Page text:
Where’s Your Motivation?
We all have some motivation or we would never get up in the morning or make it to work or even fix a cup of coffee. When we talk about a lack of motivation, it has more to do with those non-preferred or seemingly less than glamorous activities like sweating, denying ourselves something fun, or saying no to that delicious chocolate cake. Unfortunately, our health, bank account, and overall brain development need us to dig deep when we notice our lives are a bit out of balance.
Everyone has a wavering pattern of motivation for most activities, even when you have established habits. It can be a rude awakening when you realize your time has slipped away on social media or games, you ate that donut at work – again, and you put off that assignment another day. Remembering you have a source of motivation for many things you already do will help you dip into your resolve for new challenges.
That level of internal drive that surges us forward and maintains momentum, rotating the rudder in life, begins with a little consideration. It turns out, goal-setting, if approached thoughtfully, can get you…everywhere.
Research continues to show that those of us who plan goals in our heads are 10 times more likely to succeed, while those who write goals down are 30 times more successful. If you have come up with New Year’s resolutions before, you have practiced setting goals.
In order to really see success, try selecting a goal that reflects your personal interest and values rather than something you feel pressured to do according to society’s standards. You will have an intrinsic desire to accomplish a task when it reflects a core value. Defining your most sincere values is an appropriate first step in this process and fun. Imaging your next levels of improvement should be given the time and attention it deserves. A personal journal and your cozy corner of reflection make the perfect combination for devising goals in each area of your life or each role you fulfill.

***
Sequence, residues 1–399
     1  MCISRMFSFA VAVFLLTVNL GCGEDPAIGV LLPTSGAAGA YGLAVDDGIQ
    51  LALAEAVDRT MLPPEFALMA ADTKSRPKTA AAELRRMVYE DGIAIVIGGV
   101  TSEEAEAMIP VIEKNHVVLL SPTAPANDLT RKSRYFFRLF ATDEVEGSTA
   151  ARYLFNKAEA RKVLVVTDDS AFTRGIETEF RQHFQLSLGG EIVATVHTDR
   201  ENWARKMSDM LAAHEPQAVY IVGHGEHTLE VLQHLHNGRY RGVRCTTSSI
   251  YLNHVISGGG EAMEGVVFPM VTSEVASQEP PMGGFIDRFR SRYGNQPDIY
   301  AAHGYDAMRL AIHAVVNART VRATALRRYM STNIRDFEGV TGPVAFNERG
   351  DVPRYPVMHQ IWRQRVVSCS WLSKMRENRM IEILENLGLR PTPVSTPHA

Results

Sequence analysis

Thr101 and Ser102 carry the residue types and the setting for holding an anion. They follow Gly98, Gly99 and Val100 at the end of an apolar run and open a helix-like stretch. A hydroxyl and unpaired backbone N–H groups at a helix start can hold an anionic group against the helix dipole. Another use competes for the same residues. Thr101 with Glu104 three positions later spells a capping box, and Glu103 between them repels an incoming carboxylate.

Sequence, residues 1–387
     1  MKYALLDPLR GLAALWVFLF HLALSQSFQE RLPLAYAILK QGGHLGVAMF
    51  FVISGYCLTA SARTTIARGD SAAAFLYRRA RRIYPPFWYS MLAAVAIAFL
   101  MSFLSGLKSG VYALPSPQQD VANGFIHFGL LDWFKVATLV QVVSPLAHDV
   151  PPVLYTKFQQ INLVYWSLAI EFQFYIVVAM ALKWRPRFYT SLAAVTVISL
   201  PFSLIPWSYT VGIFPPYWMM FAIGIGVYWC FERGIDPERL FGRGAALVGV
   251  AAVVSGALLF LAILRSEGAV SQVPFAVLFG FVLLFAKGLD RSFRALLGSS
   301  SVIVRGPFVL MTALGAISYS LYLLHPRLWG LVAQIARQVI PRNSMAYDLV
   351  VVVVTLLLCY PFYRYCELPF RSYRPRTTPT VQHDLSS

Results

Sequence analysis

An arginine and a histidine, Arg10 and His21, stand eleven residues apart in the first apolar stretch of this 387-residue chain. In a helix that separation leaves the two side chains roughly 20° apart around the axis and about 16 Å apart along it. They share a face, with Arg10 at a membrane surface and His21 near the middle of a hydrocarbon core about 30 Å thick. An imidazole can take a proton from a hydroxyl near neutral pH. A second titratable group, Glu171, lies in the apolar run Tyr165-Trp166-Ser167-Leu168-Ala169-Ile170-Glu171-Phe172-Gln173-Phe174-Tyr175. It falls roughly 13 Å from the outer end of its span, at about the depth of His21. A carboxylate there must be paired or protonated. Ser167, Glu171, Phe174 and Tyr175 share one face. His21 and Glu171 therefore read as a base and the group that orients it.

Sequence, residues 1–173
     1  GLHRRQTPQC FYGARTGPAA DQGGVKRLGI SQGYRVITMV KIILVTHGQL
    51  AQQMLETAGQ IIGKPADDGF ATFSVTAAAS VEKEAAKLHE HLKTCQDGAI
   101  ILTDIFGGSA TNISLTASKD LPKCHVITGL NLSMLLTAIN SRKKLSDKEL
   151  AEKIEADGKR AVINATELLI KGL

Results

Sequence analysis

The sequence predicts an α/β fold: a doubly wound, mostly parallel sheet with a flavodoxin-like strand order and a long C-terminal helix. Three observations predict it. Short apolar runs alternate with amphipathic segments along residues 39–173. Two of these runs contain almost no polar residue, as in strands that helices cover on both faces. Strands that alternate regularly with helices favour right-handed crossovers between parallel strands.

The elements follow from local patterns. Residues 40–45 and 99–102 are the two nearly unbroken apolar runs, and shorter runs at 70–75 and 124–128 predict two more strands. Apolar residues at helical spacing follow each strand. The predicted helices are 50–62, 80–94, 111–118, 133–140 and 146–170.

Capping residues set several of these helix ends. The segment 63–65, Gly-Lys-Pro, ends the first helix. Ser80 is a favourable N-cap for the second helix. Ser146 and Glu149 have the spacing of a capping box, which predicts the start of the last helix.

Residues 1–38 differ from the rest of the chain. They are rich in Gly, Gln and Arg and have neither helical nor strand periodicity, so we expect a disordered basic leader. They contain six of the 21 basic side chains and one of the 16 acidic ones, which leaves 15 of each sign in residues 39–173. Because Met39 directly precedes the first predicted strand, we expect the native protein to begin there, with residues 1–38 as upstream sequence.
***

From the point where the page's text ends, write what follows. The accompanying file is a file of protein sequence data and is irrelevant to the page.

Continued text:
Next, set about whittling your goal according to the proven method of construction: Make it SMART: SPECIFIC, MEASUREABLE, ATTAINABLE, RELEVANT, & TIME BOUND. For example, if I’d like to lose 10 pounds, I would tie it to my value of being a good role model for my children and improving my health so that I could function better in my various roles and responsibilities. I would abandon the ideas that I had to look like a cover model or that I should satisfy an ideal perfect image.
Another important step in goal setting is to focus on the process. Devising a plan that carries you through to your goal, across a specified period of time, helps you stay on track and mark off the journey. You will also know how to jump back in more easily if you hit a bump in the road. Process thinking will help you find flexibility in the methods of accomplishing your goals and often develops stronger self-regulation.
Going back to losing 10 pounds; a process focus might include making a list of strategies to cut calories such as bringing healthy lunches and snacks to work, keeping water with you all day, and scheduling more movement throughout the day. Walking past that donut would be hard, but facing that struggle and prevailing just once will add to your future bank of resolve.
One more thought includes behavior momentum. Just like asking your child to take their toy to their room can lead to cleaning the whole room; meal prepping on Sundays can set the stage for a healthy week at work. One little action rolls into many more behaviors that can look like an overwhelming task early on. Sometimes I put on my workout clothes and tell myself I will only walk, then once I warm up, off I go into a full three mile run.
The most important thing to remember is: You can do more than you think you can!